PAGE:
One of the wonderful things about Ashland is that we suffer no shortage of citizen engagement. This stands in sharp contrast to most other communities that struggle to get citizens involved in city government. In fact, seminars offered at mayors’ or city administrators’ conferences on promoting civic engagement bear little relevance to Ashland with its highly engaged community.
Some of that level of engagement is simply a function of the type of person who chooses to live in Ashland: politically aware, articulate and able to express opinions thoughtfully. But we’d like to believe it’s also related to the fact that Ashland has 15 standing commissions appointed by the council, plus the elected Parks Commission. Plus we currently have four ad hoc committees working on specific issues, ranging from downtown traffic circulation to the future of the recycling center.
Some of our boards and commissions are specifically required by state law or the city charter. For instance, every city has a Planning Commission and Budget Committee. But while many cities, including ones much larger than us, have just five or six standing boards/commissions (and will often struggle to fill those positions), Ashland has chosen to follow a path that offers more opportunity for engagement to more citizens.
Many of the boards and commissions provide a forum for exploration of key issues and then become a pipeline for input to the City Council. Examples include the Conservation Commission, the Housing and Human Services Commission and the Transportation Commission. Others have a quasi-management responsibility for specific enterprises or functions in City government, such as the Airport Commission or the Public Art Commission.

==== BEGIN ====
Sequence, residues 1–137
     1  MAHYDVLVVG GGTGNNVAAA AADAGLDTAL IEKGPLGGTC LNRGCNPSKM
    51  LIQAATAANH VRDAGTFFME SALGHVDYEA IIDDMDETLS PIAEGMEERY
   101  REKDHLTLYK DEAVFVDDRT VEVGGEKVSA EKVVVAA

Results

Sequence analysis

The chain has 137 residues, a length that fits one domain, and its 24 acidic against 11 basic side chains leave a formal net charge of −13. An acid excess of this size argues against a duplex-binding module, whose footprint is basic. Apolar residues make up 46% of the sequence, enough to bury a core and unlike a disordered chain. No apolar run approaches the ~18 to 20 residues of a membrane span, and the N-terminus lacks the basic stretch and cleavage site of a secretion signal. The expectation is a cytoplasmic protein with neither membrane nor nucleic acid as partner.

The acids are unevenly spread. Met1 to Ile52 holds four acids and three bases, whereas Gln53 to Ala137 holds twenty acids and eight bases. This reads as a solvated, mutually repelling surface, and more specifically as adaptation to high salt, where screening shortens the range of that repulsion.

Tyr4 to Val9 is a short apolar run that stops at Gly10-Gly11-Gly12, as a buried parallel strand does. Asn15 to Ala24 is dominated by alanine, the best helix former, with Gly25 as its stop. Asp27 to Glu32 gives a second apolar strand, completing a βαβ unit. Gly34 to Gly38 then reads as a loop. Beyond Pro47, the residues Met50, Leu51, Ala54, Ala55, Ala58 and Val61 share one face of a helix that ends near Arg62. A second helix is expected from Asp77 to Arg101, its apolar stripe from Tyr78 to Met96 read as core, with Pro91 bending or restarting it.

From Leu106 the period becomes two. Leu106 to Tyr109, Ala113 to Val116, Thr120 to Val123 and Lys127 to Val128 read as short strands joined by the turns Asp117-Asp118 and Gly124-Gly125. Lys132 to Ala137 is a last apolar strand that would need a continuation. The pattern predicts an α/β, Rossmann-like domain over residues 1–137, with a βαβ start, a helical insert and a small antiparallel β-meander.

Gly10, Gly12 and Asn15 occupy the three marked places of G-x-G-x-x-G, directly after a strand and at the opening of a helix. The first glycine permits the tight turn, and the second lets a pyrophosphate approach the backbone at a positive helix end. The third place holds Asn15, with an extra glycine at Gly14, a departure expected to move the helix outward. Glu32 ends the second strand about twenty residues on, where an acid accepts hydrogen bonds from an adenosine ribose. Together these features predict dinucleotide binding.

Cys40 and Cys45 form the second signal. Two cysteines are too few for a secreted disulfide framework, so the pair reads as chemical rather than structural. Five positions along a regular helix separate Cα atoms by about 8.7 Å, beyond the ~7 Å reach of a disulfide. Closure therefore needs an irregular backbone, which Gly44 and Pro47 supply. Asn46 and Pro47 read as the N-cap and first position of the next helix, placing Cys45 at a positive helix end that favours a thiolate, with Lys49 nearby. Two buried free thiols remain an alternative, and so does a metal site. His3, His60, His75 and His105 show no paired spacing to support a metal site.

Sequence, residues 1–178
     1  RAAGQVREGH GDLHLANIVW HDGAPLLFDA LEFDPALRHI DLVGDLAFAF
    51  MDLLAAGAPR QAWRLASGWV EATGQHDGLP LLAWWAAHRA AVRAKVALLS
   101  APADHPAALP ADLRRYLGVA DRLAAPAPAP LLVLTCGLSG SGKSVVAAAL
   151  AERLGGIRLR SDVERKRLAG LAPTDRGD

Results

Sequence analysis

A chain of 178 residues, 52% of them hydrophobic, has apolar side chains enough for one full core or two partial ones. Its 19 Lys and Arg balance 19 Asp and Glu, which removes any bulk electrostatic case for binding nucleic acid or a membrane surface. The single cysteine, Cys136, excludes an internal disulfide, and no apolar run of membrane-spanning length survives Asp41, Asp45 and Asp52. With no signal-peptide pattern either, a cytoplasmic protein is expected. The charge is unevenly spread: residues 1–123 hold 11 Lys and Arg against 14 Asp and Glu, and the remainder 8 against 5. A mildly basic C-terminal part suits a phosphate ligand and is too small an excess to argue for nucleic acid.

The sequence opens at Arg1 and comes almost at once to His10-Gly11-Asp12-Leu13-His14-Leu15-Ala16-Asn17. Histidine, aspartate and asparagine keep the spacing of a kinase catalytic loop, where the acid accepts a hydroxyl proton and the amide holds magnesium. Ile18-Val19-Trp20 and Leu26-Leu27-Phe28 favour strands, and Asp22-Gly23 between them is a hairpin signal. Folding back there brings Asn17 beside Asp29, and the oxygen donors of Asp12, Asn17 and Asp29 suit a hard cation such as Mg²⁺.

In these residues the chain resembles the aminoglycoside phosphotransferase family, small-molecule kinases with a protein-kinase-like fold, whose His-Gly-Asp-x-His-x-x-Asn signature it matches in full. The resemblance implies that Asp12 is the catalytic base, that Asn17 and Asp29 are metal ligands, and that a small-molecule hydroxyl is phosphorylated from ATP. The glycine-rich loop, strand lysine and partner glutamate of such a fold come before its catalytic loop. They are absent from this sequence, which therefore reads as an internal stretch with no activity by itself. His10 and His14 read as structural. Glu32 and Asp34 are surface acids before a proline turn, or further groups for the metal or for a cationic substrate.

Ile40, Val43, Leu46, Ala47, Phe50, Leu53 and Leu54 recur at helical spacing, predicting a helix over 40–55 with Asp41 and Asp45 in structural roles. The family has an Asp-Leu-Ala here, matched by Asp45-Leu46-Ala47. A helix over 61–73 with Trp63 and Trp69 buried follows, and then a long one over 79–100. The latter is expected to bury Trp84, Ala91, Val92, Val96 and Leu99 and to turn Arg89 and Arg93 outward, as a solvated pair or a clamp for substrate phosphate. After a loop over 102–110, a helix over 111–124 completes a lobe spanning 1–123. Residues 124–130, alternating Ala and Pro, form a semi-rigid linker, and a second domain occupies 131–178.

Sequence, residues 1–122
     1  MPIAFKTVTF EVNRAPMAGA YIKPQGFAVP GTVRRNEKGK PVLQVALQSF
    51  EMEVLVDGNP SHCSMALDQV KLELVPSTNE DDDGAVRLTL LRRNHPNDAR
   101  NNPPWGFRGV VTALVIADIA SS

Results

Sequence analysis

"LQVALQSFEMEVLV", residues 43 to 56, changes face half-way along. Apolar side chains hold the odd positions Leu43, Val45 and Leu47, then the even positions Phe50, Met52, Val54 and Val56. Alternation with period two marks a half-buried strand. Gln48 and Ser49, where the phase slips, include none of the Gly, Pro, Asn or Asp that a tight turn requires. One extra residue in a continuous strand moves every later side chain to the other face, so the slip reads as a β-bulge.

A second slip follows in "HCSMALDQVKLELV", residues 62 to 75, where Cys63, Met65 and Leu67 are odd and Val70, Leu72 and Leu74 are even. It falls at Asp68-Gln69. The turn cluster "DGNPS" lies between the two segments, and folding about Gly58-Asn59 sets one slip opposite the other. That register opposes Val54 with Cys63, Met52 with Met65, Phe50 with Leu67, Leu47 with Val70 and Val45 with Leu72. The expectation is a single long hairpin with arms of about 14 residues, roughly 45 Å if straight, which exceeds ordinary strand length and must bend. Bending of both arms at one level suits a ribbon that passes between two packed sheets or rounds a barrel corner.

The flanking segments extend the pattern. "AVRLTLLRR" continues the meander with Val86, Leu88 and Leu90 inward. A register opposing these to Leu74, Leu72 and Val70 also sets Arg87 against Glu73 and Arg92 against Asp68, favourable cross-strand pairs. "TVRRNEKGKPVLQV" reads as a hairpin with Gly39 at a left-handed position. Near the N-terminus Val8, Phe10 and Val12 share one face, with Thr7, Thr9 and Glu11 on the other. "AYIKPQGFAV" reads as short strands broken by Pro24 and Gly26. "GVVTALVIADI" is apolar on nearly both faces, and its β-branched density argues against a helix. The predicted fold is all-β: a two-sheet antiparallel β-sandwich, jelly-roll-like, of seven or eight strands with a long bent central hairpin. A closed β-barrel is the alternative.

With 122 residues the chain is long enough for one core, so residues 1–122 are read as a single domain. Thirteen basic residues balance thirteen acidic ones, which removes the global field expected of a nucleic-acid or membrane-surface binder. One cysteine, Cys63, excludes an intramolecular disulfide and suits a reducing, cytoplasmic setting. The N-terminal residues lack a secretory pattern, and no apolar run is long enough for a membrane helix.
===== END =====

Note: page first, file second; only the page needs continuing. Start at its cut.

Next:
No matter where your interest lies, we probably have an appointed body that would welcome and benefit from your time and talent (though you may have to wait for a position to open up).
We know that some people shy away from this type of public service because of the time commitment involved. However, most of these boards and commissions require only the time it takes to attend a monthly meeting along with the time to read the materials that are prepared for each meeting.
And while the city benefits from the energy that each citizen brings to the board or commission on which they serve, those who serve enjoy the rewards of contributing to our incredible quality of life in Ashland and getting an in-depth education about Ashland city government. You’ll also meet fellow Ashlanders from all walks of life, who will open your mind to new ways of thinking about the city you call home.
For any of you reading this who have ever wondered about how to become more involved in your community and help build on those things that make Ashland such an exceptional place to live and work — we encourage you to consider serving on a city board or commission.
To see where the vacancies are, go to the City Recorder page on the city of Ashland web site (www.ashland.or.us) and click on the Commission Vacancies link. Our boards and commissions really do make a difference and you can be a key difference-maker, too!
John Stromberg is mayor of Ashland. Dave Kanner is Ashland city administrator.